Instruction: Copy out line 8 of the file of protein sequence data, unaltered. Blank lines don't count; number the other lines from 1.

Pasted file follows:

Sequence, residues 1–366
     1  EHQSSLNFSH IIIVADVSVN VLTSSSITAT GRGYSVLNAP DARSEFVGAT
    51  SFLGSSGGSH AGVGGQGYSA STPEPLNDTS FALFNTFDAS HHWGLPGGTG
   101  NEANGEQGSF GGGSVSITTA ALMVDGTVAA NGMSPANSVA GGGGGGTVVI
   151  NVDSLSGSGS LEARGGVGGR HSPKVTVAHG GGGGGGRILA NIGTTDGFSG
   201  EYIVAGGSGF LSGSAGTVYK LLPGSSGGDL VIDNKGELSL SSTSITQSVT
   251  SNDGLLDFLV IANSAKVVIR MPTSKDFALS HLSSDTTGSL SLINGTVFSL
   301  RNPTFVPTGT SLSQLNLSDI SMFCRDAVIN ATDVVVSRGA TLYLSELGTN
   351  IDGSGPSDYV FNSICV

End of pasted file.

   301  RNPTFVPTGT SLSQLNLSDI SMFCRDAVIN ATDVVVSRGA TLYLSELGTN